Tuesday, February 5, 2013
Getting Past The Buzzwords In Cosmetic Marketing
A growing number of marketers believe that consumers need buzzwords, that we respond to and love them. In my experience, after having researched quite a few that had no meaning for me regarding cosmetics, buzzwords are simply made-up, or often misapplied.
The idea of a "detox" shampoo, for example, may stop you in the shampoo isle, which is the idea and encourage you to try the product, with you thinking "Here is something new!" Well, shampoo is shampoo in that, in spite of any ingredients you do not want being absent, or you do want being present, it is designed to clean your hair and scalp.
Fragrance? That is no reason to buy a cosmetic to me, other than ones like body spray, cologne, or perfume. If a product smells bad, that is a reason to avoid it. Buying a product based solely on it smelling wonderful? Be careful of what you wish for, unless the product can deliver on what it has been formulated to do.
When any other kind of cosmetic product is marketed mostly for its fragrance that is telling me, that the marketing team was limited by actual product performance. This is most evident in often unintentionally hilarious, theme-based but irrelevant, sometimes not properly licensed, print, TV, or online advertising. A fanciful theme cannot make up for needed results, no matter how nice a product may smell. You can find yourself "paying through the nose", when a product far less expensive can work much better.
The front of a shampoo bottle is carefully designed to pull you in visually with colours and text. The back of the bottle is usually where it gets interesting. There is more text which should tell you more specifically, how the shampoo can affect your hair. Is it deep cleansing? Is it formulated to help keep your expensive in some cases, new hair colour vibrant? Here is where you need to skip down to the real story, the ingredient list.
In spite of any product looking or sounding amazing, the ingredient lists tell you the truth, if you can read them correctly, in terms of how they actually work. Most ingredient lists today are regulated to be in descending order. Staying with shampoo, in any liquid one, the first and largest percentage ingredient is water. On some shampoo ingredient lists, the term "herbal infusion", or aloe vera juice, replaces the word water, listed first. Some shampoos do not list water at all, other than in the term "aqueous solution".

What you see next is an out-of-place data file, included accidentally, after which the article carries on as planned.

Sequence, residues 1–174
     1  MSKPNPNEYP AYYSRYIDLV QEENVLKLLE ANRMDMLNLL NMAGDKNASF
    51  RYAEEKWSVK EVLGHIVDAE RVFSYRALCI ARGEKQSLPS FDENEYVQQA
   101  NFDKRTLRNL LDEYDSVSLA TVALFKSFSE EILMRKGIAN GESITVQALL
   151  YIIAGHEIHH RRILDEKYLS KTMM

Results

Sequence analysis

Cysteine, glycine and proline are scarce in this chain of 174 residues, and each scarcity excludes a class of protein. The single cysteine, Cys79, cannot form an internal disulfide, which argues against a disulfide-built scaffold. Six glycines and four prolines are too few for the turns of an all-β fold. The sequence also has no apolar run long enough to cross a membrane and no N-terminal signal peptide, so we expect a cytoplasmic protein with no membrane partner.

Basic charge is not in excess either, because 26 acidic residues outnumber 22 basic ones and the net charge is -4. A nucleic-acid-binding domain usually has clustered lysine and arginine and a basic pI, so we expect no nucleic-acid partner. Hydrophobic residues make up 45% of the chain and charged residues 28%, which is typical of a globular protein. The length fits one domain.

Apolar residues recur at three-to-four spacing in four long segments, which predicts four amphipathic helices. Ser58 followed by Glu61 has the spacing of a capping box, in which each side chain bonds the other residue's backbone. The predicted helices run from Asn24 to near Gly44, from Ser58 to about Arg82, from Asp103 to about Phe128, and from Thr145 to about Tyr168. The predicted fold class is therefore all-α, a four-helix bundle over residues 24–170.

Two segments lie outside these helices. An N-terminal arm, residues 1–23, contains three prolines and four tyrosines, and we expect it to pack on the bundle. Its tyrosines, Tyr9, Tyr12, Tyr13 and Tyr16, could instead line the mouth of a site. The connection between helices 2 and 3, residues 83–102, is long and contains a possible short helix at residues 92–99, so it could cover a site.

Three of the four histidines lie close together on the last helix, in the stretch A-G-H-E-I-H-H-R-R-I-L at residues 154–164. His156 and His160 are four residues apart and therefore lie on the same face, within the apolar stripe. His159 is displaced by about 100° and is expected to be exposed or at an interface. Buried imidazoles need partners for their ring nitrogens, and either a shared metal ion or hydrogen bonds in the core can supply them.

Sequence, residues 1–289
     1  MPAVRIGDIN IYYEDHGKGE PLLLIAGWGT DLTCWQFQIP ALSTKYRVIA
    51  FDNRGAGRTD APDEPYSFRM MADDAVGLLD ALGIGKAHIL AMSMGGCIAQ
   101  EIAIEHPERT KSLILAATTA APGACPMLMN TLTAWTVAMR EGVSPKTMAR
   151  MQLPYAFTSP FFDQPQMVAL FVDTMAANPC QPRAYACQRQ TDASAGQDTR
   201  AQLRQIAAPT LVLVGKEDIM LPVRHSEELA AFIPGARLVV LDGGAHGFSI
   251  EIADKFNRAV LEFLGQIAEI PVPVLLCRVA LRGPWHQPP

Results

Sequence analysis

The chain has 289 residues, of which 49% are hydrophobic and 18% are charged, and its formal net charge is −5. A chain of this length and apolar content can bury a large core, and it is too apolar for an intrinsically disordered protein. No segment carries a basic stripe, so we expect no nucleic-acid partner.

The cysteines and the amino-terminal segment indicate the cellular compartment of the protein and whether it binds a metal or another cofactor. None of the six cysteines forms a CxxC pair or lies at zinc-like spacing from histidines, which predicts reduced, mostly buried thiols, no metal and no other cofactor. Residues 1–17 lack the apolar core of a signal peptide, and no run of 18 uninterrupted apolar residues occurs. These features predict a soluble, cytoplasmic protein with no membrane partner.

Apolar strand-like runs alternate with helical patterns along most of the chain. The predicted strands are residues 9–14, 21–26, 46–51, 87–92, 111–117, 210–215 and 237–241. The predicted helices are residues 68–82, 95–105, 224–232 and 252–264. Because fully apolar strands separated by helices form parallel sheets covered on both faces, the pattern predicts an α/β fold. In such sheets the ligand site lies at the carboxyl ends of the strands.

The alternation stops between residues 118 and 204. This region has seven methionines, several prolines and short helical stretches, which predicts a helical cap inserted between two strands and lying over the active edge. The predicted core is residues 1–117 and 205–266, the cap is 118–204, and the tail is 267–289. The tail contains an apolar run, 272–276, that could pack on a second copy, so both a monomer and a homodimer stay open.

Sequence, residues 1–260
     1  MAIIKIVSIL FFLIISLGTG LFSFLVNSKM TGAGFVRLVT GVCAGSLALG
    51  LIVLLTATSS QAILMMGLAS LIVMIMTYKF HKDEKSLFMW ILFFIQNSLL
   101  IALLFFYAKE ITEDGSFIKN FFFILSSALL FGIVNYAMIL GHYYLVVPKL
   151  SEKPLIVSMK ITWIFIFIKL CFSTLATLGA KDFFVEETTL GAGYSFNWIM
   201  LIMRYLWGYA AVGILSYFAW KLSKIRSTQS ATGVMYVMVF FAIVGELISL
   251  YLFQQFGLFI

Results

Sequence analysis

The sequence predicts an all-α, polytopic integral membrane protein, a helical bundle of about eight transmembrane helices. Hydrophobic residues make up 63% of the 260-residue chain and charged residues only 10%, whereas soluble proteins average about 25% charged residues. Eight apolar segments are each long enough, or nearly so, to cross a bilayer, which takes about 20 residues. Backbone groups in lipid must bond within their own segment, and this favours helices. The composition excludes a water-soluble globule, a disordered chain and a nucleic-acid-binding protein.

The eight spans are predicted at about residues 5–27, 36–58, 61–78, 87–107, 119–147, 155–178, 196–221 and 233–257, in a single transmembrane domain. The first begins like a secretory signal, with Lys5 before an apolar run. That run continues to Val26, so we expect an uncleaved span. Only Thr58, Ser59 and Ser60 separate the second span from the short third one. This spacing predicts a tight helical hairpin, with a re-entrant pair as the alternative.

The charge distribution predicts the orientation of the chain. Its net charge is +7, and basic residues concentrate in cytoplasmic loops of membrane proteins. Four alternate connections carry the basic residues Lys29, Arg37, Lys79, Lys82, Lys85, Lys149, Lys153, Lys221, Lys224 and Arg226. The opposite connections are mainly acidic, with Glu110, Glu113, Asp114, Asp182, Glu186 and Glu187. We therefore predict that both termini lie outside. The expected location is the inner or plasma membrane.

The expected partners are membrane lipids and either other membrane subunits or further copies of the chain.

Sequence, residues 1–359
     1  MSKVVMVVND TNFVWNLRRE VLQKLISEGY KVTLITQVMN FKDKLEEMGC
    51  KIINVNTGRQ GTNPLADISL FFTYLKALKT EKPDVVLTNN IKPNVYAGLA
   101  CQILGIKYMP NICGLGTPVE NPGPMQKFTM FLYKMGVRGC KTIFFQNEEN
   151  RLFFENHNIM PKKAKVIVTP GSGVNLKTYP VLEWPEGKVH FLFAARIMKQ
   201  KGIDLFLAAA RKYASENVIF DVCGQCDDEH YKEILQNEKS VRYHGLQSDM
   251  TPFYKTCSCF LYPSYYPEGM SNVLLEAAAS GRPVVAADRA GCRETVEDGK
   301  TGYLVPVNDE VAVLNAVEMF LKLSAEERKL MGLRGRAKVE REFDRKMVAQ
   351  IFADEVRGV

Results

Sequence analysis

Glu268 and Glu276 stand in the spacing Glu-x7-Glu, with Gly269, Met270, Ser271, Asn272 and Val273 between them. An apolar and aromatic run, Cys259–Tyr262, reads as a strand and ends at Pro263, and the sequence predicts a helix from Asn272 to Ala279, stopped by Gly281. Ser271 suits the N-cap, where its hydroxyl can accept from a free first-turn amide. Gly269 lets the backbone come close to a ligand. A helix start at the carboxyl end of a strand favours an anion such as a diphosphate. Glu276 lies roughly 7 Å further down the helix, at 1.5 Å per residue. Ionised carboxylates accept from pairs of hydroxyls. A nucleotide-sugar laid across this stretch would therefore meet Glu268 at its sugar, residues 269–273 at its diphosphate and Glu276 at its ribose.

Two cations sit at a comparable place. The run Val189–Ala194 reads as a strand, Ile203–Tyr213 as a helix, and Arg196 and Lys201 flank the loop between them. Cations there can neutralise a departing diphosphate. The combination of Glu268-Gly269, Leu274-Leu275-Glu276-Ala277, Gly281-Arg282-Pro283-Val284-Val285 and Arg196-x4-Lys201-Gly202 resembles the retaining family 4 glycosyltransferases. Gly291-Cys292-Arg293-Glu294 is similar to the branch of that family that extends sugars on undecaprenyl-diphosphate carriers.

Herbal infusions in commercial cosmetics are herbal extracts in water. Aloe vera juice naturally contains water. A number of aloe vera juice vendors claim that extra water is added to aloe juice in many commercial products. Next come the cleanser(s) and with some herbal based shampoos, such an ingredient can appear in the middle of the list, which can mislead you.
That infusion or solution, with botanical ingredients often listed by Latin names in addition to, or instead of their common names, ahead of a cleanser is the water base, just drawn out. It does not mean that there is less of the cleansing ingredient(s), than would be found in another shampoo.
Multiple cleansers, some of which you may know and others that may need investigation, tell you more. If a product has multiple cleansers in it, it is highly likely that it is going to be stronger than one that has fewer of them. Many of those plant extracts are going to be coating your hair, likely causing build-up.
A basic shampoo does not necessarily have the edge on being mild. A good clarifying or extra strong shampoo has few ingredients, including cleansers. It is about the cleanser itself and the other ingredients.
The answer to this dilemma? More and more consumers are becoming product savvy. That entails reading reviews, which these days can be tainted by being bought and sold and researching ingredients, on reputable websites, like cosmeticsinfo.org. I know many people buy products in a hurry, as we are all busy these days. However, taking a bit more time to read a label and do the research can save you money and cause less frustration, like when a product does not work out to be what you had in mind.
The buzzwords? Research them too. They are often found questioned online because others have no idea what they mean either. You may often find: that a "revolutionary", or hyped natural ingredient in an expensive cosmetic product: is just a name given by a manufacturer's marketing team to an ingredient or combination of ingredients that upon investigation is nothing special, it has no safety history or history of working well, more scientific research needs to be done to duplicate previous results, or it is not all natural as claimed.
Do consumers really need or love buzzwords? No, not in my opinion. I do not need, love to read, or see nonsense about a product. Many marketers need and love buzzwords and fanciful ideas, to promote products that cannot be sold based on how well they can work. I need and love cosmetic products that are safe, work well and are not expensive. From the feedback I get through this blog, so do many other people.
There are straightforward marketing campaigns that do not circumvent a product's performance by not: concentrating mostly on its fragrance, hyping questionable ingredients natural or otherwise, or using fairy tale themes. They are unfortunately, increasingly harder to find. As consumers become more savvy about real cosmetic product performance, I have no doubt that will change and there will be more of them.